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2 | Paradox of Choice, Sleeping Well, + Butterfly Effect
"The hardest choices in life aren't between what's right and what's wrong but between what's right and what's best."
Choosing a restaurant in NYC is difficult, not because of the lack of good restaurants, rather, there are too many! After years in a city, one typically has a list of restaurants they like. Think: When someone visits, which restaurants do you recommend? The difficulty lies in expanding that list.
Every time you choose, you have to consider the opportunity costs: Will that new Indian place be better than the one across the street where I don’t even need to look at a menu? Not only will you potentially forgo a meal you know you will enjoy, but there were so many other places you potentially could’ve gone to instead!
Thankfully, we don’t live in a vacuum where you have to make choices based on the name alone. Having access to resources that can provide further information on the subject can help us reach the “best” solution.
Once you start reading the reviews, you realize how subjective taste is. You have people who write expositions raving over every dish or something like this: Amazing service, wonderful ambience, excellent food, 3/5 stars. If it’s so great, why’d you leave 3 stars?!
Over the years, I’ve probably read thousands and thousands of reviews across Yelp, Google, and OpenTable (review quality from best to worst IMO), and have a personal framework to help me quickly decide if a restaurant is good or bad.
This framework lets me quickly churn through the reviews, quickly pass on the bad and dive deeper into the good. Eventually you find a couple options, compare it to your opportunity cost, and make your decision.
If it was good, great, I have a new restaurant added to my list. If it wasn’t, at least I made the right steps and can look towards where I went wrong.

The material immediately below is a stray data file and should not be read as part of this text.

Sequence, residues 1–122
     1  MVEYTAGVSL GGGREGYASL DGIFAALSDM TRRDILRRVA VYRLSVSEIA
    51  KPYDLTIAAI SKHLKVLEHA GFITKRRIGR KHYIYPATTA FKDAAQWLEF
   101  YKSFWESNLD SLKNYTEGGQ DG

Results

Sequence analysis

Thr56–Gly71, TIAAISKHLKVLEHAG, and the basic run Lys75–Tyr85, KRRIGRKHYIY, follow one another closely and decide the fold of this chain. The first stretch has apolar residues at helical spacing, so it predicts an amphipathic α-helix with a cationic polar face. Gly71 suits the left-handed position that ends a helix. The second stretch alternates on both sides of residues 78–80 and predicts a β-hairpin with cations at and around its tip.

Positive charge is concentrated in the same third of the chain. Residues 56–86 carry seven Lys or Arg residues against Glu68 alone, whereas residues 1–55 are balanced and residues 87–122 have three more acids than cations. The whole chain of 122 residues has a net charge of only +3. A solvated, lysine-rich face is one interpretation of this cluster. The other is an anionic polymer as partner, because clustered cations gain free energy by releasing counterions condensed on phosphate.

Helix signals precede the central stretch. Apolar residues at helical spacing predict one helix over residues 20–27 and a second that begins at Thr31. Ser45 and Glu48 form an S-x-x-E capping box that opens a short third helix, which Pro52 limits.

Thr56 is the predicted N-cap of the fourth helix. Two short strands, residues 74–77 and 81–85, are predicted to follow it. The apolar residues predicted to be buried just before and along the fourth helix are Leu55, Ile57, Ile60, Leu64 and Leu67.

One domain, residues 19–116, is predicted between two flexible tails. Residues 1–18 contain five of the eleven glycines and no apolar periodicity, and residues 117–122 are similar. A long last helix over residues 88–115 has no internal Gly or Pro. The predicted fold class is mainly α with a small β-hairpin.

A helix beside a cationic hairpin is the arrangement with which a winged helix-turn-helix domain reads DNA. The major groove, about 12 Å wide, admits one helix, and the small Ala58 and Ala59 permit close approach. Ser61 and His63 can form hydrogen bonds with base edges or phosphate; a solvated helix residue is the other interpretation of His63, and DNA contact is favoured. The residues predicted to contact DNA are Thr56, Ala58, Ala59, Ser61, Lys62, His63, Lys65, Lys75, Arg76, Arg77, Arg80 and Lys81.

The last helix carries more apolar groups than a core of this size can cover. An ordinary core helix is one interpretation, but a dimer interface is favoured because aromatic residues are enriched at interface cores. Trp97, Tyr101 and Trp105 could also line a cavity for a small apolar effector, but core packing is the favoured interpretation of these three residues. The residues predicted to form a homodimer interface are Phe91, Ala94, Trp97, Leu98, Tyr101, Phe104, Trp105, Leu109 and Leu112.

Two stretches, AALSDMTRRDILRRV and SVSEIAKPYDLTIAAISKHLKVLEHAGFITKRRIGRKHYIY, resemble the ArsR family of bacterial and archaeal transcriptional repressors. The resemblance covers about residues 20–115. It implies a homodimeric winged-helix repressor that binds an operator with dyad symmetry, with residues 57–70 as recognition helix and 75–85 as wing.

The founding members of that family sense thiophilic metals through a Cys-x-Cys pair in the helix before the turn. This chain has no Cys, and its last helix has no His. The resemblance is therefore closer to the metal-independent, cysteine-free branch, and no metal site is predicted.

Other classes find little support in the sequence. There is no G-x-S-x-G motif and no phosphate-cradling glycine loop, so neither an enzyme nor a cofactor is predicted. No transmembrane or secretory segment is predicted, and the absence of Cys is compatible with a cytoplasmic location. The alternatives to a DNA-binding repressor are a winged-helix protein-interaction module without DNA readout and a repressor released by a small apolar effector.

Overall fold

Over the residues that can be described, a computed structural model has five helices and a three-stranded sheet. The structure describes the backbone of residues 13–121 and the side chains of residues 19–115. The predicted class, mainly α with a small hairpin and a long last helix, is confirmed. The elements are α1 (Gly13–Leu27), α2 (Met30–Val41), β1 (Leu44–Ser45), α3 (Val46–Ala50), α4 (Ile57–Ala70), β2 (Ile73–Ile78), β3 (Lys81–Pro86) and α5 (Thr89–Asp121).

Ultimately, there is no best, someday there will be something better. Enjoy the moment, be happy with your decision. That’s one restaurant down, 20,000+ more to go!
Life is a continuous stream of choices, what frameworks do you use?
Jeff Bezos on Sleep
In today’s world of hustle culture, it seems like it’s a competition to see who wakes up the earliest, works the longest, and sleeps the latest. Yet, what does the lack of sleep do to us? A lot of bad things.
So let’s go crazy and say I slept four hours a day. I’d get four so-called productive hours back. So before I had, say, 12 hours of productive time during any waking day, now all of a sudden I have 12 plus four — I have 16 productive hours.
That’s 33% more time to make decisions.
But is that really worth it if the quality of those decisions might be lower because you’re tired or grouchy or any number of things? Probably not,
Is it still worth it to sleep less? Diminishing returns tell us no. Humans didn’t evolve to sit at a desk for 10+ hours a day working on the same thing. Will those extra couple of hours of doing more matter if you end up making mistakes that cost you much more time down the road?
If you ascribe to the Pareto Principle where 80% of the outcomes come from 20% of the actions, then focus your time and energy on the 20%. Quality over quantity.
How many times did you do something, where you think back and point to the exact moment it all went wrong (or right!). Every choice leads to more choices, there’s always going to be a what-if, but own that decision. You never know where it might lead you.
A lot of the everyday items we take for granted were accidents and mistakes: penicillin, vulcanized rubber, frosted glass, waffle cones, etc.
Elon Musk didn’t get a return offer from Scotiabank. Steve Jobs got fired from Apple. Marc Andreessen started as a tech consultant at a small firm because he couldn’t get a better job—even after he invented the internet browser!
Sure, there’s survivorship bias here, but there are so many opportunities in life. You only know they were opportunities afterwards. Bad outcomes don’t necessarily mean life is over or the decision itself was bad.
If you have the time and want to take a deep-dive into semiconductor history. The founding of TSMC, one of the most important companies in the world today, seems pretty serendipitous and full of butterfly effects.
As of Monday night, Arcane has reached top 10 on Netflix in over 50 countries. If you’re not a huge fan of animated shows, still give it a try. The pace is quick, yet there’s so many layers to the story. Soundtrack is amazing too.
I’m almost reminded of Tesla vs. Edison in parts of the story. Also, the way they make you think in systems—we can so clearly see the complexity of this world, why can’t we see the same things in our world?